Foundations of Systems Health Course 2

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Modern Systems Biology

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Summary Points of this Lecture

The three key takeaways from this lecture are:
1. The Human Genome Project revealed that we are more than our genes.
2. Biology is an experimental science and has no fundamental ab initio laws.
3. Systems biology aims to build a whole understanding of the human body, bottom’s up, by linking molecular reactions from atom, to molecule, to molecular pathways, to cellular function, to cell, to tissue, to organ, to whole body.

For Medical and Health Practitioners, Use the Concepts of this Lecture to:

1. Become aware of the fallacy of accepting a uni-dimensional approach to addressing your patient’s health concerns.
2. Recognize that just because someone has a particular genetic defect or inclination doesn’t mean they’re predestined to suffer from that disease. Patients can affect their health and their epigenetics though integrating multiple modalities.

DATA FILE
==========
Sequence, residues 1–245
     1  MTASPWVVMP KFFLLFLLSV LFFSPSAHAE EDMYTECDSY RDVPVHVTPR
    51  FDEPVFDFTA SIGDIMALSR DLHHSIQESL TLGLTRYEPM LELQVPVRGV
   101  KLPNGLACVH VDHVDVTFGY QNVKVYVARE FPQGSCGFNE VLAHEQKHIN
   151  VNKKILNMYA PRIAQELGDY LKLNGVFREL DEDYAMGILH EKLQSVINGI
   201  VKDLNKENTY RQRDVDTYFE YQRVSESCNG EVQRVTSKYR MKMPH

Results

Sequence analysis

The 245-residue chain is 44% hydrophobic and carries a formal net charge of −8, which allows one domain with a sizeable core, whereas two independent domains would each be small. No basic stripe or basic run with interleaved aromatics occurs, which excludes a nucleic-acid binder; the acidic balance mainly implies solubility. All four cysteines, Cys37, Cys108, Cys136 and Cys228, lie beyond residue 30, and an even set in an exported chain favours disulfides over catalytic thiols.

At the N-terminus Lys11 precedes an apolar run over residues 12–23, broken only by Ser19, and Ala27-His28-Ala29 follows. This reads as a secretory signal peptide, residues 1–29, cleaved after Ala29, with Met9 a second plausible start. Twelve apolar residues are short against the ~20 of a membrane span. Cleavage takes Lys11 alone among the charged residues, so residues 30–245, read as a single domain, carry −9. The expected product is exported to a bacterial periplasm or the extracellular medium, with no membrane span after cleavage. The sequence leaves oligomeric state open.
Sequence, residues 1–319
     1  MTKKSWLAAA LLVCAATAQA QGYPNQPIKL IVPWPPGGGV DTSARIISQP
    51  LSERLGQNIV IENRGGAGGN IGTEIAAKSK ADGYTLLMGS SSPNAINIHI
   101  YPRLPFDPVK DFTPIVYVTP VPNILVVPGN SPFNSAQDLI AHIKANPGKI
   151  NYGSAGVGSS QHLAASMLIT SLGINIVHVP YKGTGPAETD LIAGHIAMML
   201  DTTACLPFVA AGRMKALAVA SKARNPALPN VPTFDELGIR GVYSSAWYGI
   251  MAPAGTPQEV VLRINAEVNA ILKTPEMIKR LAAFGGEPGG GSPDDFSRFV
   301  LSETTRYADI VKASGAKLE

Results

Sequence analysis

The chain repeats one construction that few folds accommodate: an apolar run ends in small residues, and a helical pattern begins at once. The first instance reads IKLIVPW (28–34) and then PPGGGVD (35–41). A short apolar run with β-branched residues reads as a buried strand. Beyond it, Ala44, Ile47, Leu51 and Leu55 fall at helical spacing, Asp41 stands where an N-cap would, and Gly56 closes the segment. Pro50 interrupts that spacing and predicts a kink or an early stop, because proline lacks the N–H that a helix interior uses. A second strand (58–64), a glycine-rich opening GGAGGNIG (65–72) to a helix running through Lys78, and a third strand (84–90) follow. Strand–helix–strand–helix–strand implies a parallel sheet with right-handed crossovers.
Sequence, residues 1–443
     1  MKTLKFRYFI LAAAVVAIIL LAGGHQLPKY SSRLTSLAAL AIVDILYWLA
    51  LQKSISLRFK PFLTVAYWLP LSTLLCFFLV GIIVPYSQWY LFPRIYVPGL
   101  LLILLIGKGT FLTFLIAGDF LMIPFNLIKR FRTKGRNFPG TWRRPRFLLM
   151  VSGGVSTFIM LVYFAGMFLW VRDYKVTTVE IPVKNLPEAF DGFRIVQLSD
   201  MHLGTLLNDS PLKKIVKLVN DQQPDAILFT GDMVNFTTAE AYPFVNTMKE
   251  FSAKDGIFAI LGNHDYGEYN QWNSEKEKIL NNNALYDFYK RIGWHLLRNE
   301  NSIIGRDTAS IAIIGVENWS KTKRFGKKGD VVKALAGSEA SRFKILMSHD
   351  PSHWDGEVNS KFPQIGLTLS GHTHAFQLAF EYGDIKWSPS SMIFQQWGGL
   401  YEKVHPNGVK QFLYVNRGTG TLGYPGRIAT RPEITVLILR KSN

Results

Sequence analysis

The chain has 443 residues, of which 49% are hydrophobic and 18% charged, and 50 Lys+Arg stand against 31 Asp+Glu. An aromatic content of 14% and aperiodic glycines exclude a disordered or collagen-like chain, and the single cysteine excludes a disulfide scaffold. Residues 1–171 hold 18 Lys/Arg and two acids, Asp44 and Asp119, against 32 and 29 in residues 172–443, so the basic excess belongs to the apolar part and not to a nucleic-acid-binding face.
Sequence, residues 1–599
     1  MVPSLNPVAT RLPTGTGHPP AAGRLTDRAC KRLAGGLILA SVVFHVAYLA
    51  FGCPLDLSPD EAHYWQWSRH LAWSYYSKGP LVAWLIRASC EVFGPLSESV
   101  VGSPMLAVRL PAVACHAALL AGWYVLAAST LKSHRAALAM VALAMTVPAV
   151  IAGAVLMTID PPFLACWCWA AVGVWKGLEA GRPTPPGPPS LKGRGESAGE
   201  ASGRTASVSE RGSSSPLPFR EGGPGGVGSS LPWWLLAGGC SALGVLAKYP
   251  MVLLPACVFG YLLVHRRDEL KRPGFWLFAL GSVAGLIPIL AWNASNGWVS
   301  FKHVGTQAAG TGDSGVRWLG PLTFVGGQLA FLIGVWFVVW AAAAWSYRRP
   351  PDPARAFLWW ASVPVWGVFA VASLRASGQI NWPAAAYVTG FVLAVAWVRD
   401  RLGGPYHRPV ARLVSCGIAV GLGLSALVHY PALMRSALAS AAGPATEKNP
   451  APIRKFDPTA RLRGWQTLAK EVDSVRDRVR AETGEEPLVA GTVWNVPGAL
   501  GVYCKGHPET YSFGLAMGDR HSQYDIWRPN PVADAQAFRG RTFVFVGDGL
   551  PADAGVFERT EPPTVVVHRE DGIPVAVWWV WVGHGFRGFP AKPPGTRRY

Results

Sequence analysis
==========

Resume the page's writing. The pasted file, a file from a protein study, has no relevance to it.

2. Medicine must be personalized. No one thing works for everyone.
3. Our health is connected from what we do inside our body plus the events that occur outside our body. So integrate multiple factors in addressing your patient’s issue such as:
—-Food, supplements
—-Changes to their current environment
—-Sleep
—-Community interactions
—-Exercise
—-Awareness practices

Homework

For your homework, you are expected to read the following article:

  1. Ayyadurai, VA Shiva (2012). “What is Systems Biology?”. Chapter from Systems Health: The Revolution in Medicine. VA Shiva Press.

Additional Readings

  1. Ayyadurai, VA Shiva (2010). “Services-Based Systems Architecture for Modeling the Whole Cell: A Distributed Collaborative Engineering Systems Approach”. Commun Med Care Compunetics (2011) 1: 115–168.